• <p>Deacon Greg Kiley poses in his office at Catholic Charities in Geneva.

    Deacon Greg Kiley poses in his office at Catholic Charities in Geneva. (Courier file photo)

Rochester Diocese’s permanent deacons minister amid challenges

Ketsia Rodríguez/Catholic Courier    |    05.03.2021
Category: Vocations


Looking out from the sanctuary at the congregation during Mass on Easter Sunday, Deacon Gregory Kiley was overcome with an overwhelming sense of joy as he watched parishioners of St. Joseph the Worker Parish in Clyde — some of whom he had not seen in a year — worship and receive the Eucharist.

“It was one of the most moving things I had seen in my almost 35 years of diaconal ministry,” Deacon Kiley said.

In June 2020, New York state allowed houses of worship to reopen for in-person services with such safety restrictions in place as capacity limits, wearing masks and social distancing.

Despite these and other restrictions, permanent deacons in the Diocese of Rochester have continued to find ways to conduct their ministries amid the challenges of the pandemic.

Adjusting his ministry during the pandemic has been both a tough and emotional experience, Deacon Kiley said. Prior to COVID-19, he was accustomed to ministering in the homes of parishioners, including many who are homebound and elderly. That “completely stopped, and that was kind of devastating, and it was also kind of strange,” he said.

But Deacon Kiley found another way to remain in contact with parishioners. For such special occasions as holidays when the parish would send parishioners emails with boilerplate text, he took the time to add a personalized line or two to each email and to send them all individually.

Deacon Kiley also had to stop pastoral visits at Wayne County Nursing Home and DeMay Living Center due to health and safety restrictions at those facilities. Instead, he gets together with Wayne County Nursing Home residents every Friday via the Zoom video-conferencing platform.

In addition to curtailing outreach in the community, safety and health restrictions also have changed how deacons conduct ministry within church buildings.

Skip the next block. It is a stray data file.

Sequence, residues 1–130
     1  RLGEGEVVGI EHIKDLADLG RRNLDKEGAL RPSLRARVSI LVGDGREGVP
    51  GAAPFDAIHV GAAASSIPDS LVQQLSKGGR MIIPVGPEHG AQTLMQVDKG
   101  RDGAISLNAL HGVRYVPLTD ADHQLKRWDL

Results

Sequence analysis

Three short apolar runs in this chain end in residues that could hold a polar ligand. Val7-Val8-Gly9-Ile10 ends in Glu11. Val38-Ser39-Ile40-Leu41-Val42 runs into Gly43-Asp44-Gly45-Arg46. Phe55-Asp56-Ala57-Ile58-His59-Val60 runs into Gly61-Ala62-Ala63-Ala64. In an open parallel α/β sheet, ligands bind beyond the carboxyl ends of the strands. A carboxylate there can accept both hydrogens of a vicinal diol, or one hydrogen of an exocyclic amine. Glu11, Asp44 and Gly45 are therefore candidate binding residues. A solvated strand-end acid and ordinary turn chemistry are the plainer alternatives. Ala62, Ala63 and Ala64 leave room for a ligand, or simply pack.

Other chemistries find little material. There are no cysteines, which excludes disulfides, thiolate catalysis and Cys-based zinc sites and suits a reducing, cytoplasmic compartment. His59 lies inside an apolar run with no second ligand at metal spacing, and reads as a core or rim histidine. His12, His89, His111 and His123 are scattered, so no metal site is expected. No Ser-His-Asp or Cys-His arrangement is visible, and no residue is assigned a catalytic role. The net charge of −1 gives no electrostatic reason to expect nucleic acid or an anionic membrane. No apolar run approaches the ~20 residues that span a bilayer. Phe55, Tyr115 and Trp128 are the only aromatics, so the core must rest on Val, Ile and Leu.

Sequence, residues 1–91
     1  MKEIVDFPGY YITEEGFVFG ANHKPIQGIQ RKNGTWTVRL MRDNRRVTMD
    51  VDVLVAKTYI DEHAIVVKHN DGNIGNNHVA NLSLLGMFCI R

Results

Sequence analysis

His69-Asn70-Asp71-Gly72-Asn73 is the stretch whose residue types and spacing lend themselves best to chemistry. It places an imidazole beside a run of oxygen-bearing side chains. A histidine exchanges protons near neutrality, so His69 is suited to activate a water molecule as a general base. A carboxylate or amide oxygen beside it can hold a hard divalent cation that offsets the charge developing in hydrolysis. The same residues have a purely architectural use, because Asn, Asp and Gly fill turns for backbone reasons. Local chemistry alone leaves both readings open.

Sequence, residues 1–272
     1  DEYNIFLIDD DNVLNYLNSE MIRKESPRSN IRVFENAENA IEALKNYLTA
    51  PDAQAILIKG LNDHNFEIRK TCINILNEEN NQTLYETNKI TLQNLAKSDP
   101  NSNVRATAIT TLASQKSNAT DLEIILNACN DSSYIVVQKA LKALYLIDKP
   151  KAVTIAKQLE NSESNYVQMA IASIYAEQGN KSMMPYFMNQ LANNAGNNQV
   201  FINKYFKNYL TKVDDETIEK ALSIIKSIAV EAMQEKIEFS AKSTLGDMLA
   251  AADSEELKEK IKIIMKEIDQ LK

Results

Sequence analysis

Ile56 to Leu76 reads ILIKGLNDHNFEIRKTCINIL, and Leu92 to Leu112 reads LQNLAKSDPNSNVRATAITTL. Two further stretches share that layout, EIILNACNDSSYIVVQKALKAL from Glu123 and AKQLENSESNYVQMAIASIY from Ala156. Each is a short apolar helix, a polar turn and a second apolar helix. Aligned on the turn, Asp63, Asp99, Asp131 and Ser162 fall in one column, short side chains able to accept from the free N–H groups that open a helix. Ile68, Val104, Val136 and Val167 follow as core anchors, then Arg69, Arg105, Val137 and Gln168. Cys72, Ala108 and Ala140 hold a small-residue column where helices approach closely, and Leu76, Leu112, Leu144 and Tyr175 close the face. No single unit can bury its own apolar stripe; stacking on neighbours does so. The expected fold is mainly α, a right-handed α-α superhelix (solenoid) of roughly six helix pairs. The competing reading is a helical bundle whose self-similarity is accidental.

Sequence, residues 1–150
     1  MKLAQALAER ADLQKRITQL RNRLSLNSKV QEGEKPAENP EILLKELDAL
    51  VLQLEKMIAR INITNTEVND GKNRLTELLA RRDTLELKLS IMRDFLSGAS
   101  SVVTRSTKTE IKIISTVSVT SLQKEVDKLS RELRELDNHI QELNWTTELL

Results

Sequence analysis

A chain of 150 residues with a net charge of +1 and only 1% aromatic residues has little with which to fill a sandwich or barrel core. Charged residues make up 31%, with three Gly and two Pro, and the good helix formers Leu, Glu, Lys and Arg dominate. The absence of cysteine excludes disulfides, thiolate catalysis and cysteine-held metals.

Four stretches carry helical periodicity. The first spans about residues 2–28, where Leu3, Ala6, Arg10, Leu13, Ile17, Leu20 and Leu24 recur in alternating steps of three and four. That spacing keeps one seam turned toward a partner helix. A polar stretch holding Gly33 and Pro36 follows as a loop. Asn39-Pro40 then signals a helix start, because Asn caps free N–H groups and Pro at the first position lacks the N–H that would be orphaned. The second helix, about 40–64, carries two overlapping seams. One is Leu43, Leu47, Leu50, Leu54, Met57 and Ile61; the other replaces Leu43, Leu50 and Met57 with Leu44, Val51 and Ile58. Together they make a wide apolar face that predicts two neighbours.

Part of Deacon Joseph Placious’ ministry at Holy Cross Church in Rochester includes preaching at liturgies. During the early phase of the pandemic, he had to get used to preaching to completely empty pews while his congregation participated via livestream.

“It was a learning experience to preach to an empty church and just to a camera,” he said.

Deacon Douglas Farwell also has had to learn new ways of ministering to people, not only at Ss. Isidore & Maria Torribia Parish in Addison/Bradford/Campbell, but also in his chaplaincy work at Elmira Correctional Facility.

At the correctional facility, for example, the celebration of Masses ceased in March 2020 and just recently resumed. So during the pandemic, Deacon Farwell instead ministered to inmates through such means as one-on-one visits to cell blocks and offering Bible studies for a limited number of individuals once such gattherings were allowed to resume in July.

Meanwhile, Deacon Kevin R. Carges of St. Catherine of Siena Church in Mendon has not yet been able to return to his primary pre-pandemic form of ministry — travel.

During Lenten seasons before the pandemic, Deacon Carges typically visited churches around the country as a guest homilist on behalf of Catholic Relief Services. Although he has not been able to travel, he said he has continued raising funds for CRS and hosting both Zoom and in-person Bible-study classes for young adults.

“Life is full of obstacles, but with our community, friends and people that we love and care about, we can always overcome regardless of whatever happens in our life, because God’s there, and he’ll show us the way,” Deacon Carges said. “It’ll work out, maybe not the way I’d like it, but it’ll work out the way God wants it.”

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